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# Tutorial: Core-shell Form factor

Contributors: Andreas Haahr Larsen.

*A form factor of a spherical core-shell particle (e.g. a micelle) can be build up as a combination of sphere form factor amplitudes. Micelle illustration from Wikimedia Commons*.

#### Before you start

- You will need pen and paper

#### Learning outcomes

Learn how to build up complex scattering form factors- Learn the steps of building up form factors
- Be able to put together spherical form factor amplitudes to derive the form factor for a spherical core-shell particle
- Be familiar with different notations and terminologies

#### Introductory remarks

Form factors describe the scattering from a given particle, and depends on its shape and size. The form factors can be derived as an integral over the scattering length density over the particle volume. Luckily, this has been done for many particles already in the litterature (Pedersen, 1997).

However, if the scattering from your particle of interest is not yet described, it is possible to build up new form factors from existing. In this tutorial, you will build up a (simple) micelle form factor.

#### Part I: Determine the simplest possible geometric shape that represents the micelle

A micelle is complex, composed of many lipids and or detergents. However, in small-angle scattering the important part is the scattering length density (relative to the solvent), $\Delta\rho$. For SAXS this is determined by the electron density. Lipids are caracterised by a headgroup, with a high electron density (containing heavy atoms), and a tail with low electron density (mostly CH_{2}).

Use this information to think of a simple shape that can represent a micelle.
You can check you answer with this answer.

#### Part II: Find the relevant subunit and its form factor amplitude

A form factor can be built up of subunits with known form factor (amplitude). There are various sources for finding form factors (e.g. Pedersen, 1997).

Find the form factor *amplitude* for a sphere in the Pedersen1997 paper (if you square the form factor amplitude, you get the form factor).

You can check you answer with this answer.

- Some authors use the form factor, $P(q)$, to denote the form factor amplitude, $F(q)$, and various letters are used for both, but most authors use $P(q)$ for the form factor.
- Most authors normalize $P(q)$, such that it is unitless, and such that $P(q=0)=1$, but this is not always the case, so $P(q)$ sometimes has units.
- The
*atomic form factor*is an important example of not following the notation used in this tutorial. The atomic form factor, $f_a(q)$, conventionally denotes the*form factor amplitude*of an atom, e.g. carbon, $f_c(q)$. It is normalised, so $f_a(q=0)$ is equal to the number of electrons times the electron scattering length, $b_e$, e.g. $f_c(q=0)=6b_e$.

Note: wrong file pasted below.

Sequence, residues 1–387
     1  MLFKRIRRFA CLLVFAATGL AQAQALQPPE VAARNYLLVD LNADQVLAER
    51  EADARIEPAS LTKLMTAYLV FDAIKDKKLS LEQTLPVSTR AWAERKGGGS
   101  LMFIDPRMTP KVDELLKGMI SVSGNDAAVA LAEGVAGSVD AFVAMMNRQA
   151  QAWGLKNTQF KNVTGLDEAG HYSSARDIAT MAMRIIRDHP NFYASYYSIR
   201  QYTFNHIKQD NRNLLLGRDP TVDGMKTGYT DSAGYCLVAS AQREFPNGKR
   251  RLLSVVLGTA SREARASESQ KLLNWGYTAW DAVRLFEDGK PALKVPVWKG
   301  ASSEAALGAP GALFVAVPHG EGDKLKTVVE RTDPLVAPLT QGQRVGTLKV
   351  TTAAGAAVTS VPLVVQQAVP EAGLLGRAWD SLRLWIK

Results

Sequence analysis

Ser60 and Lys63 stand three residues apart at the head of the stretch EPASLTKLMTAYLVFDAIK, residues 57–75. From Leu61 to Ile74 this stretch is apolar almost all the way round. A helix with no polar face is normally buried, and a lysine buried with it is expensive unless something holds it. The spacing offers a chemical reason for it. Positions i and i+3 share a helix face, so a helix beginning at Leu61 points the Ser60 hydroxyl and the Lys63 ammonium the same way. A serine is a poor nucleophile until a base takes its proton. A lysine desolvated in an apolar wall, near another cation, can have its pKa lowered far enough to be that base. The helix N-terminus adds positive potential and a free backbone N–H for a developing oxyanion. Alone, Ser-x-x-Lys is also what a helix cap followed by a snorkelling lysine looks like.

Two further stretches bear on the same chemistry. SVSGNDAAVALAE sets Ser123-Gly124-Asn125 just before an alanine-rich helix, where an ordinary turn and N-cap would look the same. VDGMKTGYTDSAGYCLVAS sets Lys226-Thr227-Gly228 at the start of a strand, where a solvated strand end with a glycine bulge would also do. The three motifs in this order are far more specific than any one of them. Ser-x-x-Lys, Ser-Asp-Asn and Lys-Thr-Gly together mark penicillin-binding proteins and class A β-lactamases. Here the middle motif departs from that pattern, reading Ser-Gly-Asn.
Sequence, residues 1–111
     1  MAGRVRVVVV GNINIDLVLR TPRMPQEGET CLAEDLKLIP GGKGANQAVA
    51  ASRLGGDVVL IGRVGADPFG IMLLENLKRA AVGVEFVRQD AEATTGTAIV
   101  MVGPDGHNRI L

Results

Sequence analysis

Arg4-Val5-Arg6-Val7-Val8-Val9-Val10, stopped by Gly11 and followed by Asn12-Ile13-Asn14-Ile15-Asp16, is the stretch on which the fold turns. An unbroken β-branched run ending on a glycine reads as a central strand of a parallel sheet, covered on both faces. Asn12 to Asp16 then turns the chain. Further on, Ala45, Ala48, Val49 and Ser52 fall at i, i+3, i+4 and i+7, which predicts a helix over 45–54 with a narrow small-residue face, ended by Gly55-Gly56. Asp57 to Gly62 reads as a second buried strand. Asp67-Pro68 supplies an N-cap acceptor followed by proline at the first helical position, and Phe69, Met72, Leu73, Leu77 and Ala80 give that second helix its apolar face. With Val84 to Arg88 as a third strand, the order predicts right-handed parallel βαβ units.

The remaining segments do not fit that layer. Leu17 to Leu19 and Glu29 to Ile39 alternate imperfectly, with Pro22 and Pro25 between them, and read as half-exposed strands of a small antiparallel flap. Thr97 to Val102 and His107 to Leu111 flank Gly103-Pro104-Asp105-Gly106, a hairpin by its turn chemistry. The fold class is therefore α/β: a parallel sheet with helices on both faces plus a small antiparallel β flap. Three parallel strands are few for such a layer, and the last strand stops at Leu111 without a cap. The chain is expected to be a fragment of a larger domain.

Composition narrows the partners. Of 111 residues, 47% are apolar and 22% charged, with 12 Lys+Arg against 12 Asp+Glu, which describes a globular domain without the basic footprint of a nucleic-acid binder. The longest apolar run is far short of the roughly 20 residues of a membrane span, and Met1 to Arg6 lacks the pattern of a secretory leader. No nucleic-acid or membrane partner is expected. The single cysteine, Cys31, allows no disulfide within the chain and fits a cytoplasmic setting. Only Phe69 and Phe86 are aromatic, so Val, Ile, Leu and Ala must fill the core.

**A note (warning) on notation**:

#### Part III: Calculate the weighted average to get the micelle form factor amplitude

To get the form factor for the whole particle (core-shell micelle), you need to add the form factor amplitudes and take the absolute square. The terms needs to be weighted correctly, with the excess scattering length density, $\Delta SLD$ (also called *contrast*) and volume, $V$. For the volume see this hint.

Note that for the shell, you need to subtract the spherical core from a sphere to form a spherical shell.

Generally, a weighted average of $a,b,c$ weithed with weights $w_a,w_b,w_c$ is:
$$
\frac{w_a a + w_b b + w_c c}{w_a + w_b + w_c}
$$
Now, make the weighted average of the form factor amplitude of a micelle, $F(q,r,R,\Delta\rho_h,\Delta\rho)$, weithed with $\Delta\rho V$ to get the form factor amplitude of the micelle.
You can check you answer with this answer.

#### Part 3: Calculate the form factor

This is by far the easiest part. When you have the form factor amplituede, you can calculate the form factor at the absolute square: $$ P_\mathrm{coreshell}(q) = |F_\mathrm{coreshell}(q)|^2 $$ easy!

#### Part IV: Make a strategy for verifying the model

One way to verify the model is to implement the model, e.g. in SasView. You can then fit against simulated data (where you know the true parameter values). See how this may be be done in the core-shell tutorial.

Another important aspect is to check the normalization is correct: $P(q=0)=1$?

#### Challenges

- Challenge 1: Derive the form factor for a spherical shell with thickness $T$.
- Challenge 2: Derive a form factor for a spherical core-shell particle with one core and two concentric shells.

#### Feedback

Help us improve the tutorials by- Reporting issues or bugs via our GitHub page (including typos, dead links etc.), but also insufficient information or unclear instructions.
- Suggesting new tutorials/additions/improvements in the SAStutorials forum.
- Posting or answering questions in the SAStutorials forum.